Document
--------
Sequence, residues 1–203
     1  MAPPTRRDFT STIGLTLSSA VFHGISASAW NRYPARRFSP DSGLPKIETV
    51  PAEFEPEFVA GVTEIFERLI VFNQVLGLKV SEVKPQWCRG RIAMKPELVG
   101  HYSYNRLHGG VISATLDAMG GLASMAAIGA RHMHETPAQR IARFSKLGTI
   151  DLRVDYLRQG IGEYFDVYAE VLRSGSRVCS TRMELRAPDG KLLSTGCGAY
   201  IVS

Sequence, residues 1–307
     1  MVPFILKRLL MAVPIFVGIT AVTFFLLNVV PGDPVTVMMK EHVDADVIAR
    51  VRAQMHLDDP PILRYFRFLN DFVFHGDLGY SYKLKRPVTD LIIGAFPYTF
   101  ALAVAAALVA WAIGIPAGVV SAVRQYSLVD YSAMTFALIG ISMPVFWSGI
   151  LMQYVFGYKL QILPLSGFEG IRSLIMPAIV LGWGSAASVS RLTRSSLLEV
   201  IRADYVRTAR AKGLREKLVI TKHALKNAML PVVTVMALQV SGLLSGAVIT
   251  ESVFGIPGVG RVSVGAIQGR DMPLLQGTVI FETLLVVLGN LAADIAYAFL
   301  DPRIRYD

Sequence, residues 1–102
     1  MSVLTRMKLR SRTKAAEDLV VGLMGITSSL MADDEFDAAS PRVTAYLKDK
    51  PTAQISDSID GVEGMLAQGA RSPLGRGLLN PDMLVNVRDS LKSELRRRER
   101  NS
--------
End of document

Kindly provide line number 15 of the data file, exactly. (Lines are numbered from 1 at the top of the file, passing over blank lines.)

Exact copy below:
Sequence, residues 1–102